Kézdiszentlélek is a settlement situated amidst gorgeous surroundings, with a respectable history of its own, and through its notable ecclesiastical events, a pearl amongst the villages of Upper-háromszék. In Kovászna county, one and a half kilometers from Kézdivásárhely, it spreads on the banks of the Kászon-stream, in the forefront of the Sekler-Kászoni mountains, also known by the locals as the Holly-land.
The Perkő mountain rises above the settlement, also called the holly mountain of Háromszék, the place of pilgrimage of the Roman-Catholics. The village's name derives from the its church consecrated in honor of the Holy Spirit, the settlement's name was first mentioned in texts originating from 1332. Erstwhile the village consisted of two parts: the first pertaining to Felső-Fehér comitatus, whilst the second to Kézdiszék.
The settlement, which from administrative point of view belongs to Kézdiszentlélek, lies at the northern feet of the Perkő Mountain, on the left bank of the Kászon Creek. According to local legends, the village was formed by the inhabitants of a former small settlement located as far as 5 km from Kiskászon -named Szent János- who had fled from the Tartars.
In the centre of this small village there is a church that used to be an old house and that has been transformed later for religious purposes later. Its patron saint is Saint Margaret Árpádházi. The old building of the school was not demolished; in 1996 it was transformed into the Memorial House of Pilgrims. One of the valuable objects of the collection is a statue of Mary’s dating back to the 18th century, made in Baroque style, which was brought into the house from Szentkatolna. The painted crucifix, dating back to the 19th century and brought to the settlement in the 19th century, also draws the attention of the visitors.
The village is also wroth visiting for its tasty mineral water.
The old name of the settlement belonging to Kézdiszentlélek from administrative point of view was Peselnek, its current name was given in 1905. In the 14th century the village was inhabited by Pecenegs. Due to its stone fences the settlement looks like a fortress. The stones which were used during the construction of the walls and fences were brought from the hill rising above the cemetery of the village.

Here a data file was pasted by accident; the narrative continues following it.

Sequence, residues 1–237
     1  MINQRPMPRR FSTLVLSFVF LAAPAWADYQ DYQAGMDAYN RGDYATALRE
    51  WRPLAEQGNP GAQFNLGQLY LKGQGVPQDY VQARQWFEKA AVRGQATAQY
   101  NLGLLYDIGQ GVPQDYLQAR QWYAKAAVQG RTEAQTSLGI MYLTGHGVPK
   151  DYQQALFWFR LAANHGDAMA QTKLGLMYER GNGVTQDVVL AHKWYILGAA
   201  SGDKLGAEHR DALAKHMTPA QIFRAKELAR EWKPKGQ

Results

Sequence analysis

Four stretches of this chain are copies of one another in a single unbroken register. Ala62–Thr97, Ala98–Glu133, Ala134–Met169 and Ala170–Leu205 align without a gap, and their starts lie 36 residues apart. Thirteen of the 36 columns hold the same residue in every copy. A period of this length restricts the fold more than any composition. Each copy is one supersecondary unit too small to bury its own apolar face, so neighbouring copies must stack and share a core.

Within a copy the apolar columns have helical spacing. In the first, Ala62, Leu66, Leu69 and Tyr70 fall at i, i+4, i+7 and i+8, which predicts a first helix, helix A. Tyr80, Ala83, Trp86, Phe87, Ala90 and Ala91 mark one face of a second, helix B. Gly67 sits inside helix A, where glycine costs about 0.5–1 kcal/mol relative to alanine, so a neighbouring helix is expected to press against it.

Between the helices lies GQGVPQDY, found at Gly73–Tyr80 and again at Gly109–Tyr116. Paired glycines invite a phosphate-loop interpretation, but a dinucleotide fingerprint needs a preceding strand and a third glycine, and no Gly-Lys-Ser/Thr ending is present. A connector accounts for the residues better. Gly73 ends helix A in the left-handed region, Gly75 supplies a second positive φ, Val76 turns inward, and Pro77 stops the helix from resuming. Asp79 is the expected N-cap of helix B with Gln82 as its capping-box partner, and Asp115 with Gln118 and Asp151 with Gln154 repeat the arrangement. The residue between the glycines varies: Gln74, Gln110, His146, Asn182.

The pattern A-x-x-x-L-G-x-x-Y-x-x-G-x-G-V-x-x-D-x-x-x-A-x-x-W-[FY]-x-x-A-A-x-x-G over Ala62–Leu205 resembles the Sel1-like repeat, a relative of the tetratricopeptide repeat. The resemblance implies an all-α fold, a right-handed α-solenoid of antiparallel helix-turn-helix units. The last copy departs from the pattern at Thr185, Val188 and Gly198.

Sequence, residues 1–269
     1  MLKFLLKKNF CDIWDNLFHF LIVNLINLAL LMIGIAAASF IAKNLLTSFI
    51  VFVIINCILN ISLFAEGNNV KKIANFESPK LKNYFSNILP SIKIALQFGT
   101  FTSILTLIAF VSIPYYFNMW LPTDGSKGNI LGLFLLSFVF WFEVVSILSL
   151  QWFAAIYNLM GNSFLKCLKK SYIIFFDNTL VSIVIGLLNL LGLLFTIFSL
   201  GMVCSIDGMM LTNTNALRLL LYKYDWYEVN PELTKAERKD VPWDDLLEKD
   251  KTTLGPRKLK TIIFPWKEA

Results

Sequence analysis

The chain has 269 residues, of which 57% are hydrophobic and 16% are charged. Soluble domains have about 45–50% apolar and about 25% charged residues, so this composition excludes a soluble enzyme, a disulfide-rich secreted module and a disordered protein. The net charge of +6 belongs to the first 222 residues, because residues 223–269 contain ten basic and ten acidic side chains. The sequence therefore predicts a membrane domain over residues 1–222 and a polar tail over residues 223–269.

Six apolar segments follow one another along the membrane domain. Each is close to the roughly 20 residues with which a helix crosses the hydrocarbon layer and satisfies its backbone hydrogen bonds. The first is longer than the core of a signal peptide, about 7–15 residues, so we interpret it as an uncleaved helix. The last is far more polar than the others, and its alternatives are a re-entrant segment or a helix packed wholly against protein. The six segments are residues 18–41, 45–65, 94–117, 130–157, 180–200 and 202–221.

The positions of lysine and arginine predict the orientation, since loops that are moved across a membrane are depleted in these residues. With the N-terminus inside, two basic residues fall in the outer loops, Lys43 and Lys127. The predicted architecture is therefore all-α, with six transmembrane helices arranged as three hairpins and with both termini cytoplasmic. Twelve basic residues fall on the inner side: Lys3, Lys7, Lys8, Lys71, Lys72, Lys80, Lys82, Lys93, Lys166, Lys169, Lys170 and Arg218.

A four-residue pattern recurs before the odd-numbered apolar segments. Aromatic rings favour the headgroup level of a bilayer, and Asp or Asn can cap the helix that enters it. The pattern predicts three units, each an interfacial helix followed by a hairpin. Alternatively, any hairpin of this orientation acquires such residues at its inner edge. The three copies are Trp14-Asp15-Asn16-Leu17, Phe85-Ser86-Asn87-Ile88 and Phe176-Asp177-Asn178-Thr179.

On the spot of Polyvár archeologists opened up a site dating back to the Neolithic Age, from where some ceramics statues representing animal figures were brought up to the surface. In the border area of the village named Faluhely the base of the first church dating back to the Romanesque Era has been found. Its present church surrounded by stone walls was built in 1825, west of the cemetery, in the honour of Saint Lawrence.
In the valley of the Kővár Creek a sulphuric spring rushes up to the surface, called Büdös Kút. Traditions kept in the village are: celebrating name days of those who are called István and János, visiting families, the latter being celebrated in the last ten evenings of Advent.
The village lies on the left part of the highway that links Kászon to Kézdiszék, in the valley of a creek that often dries in summer. According to documents, this settlement as well as the neighbouring Peselnek, were inhabited in the 14th century.
Archeologists have found a small Osiris statue on the territory of the settlement.
The church of the settlement surrounded by stone walls was built in 1798 in Saint Bartholomew`s honour in the same place where once there had been an older church, which latercollapsed.
In the history of the village the Potsa family had a role of outstanding importance (19th century), their memory being kept by a house in the lower part of the settlement. One of the best-known family members used to be Pótsa József (1836—1903), Lord Lieutenant of District Haromszek. He donated 1000 forints for the local school. Another significant personality in the history of the village was Opra Benedek (1907--1978), teacher of Hungarian, French and Romanian languages, outstanding educator, who was slandered following the downfall of the Revolution in 1956.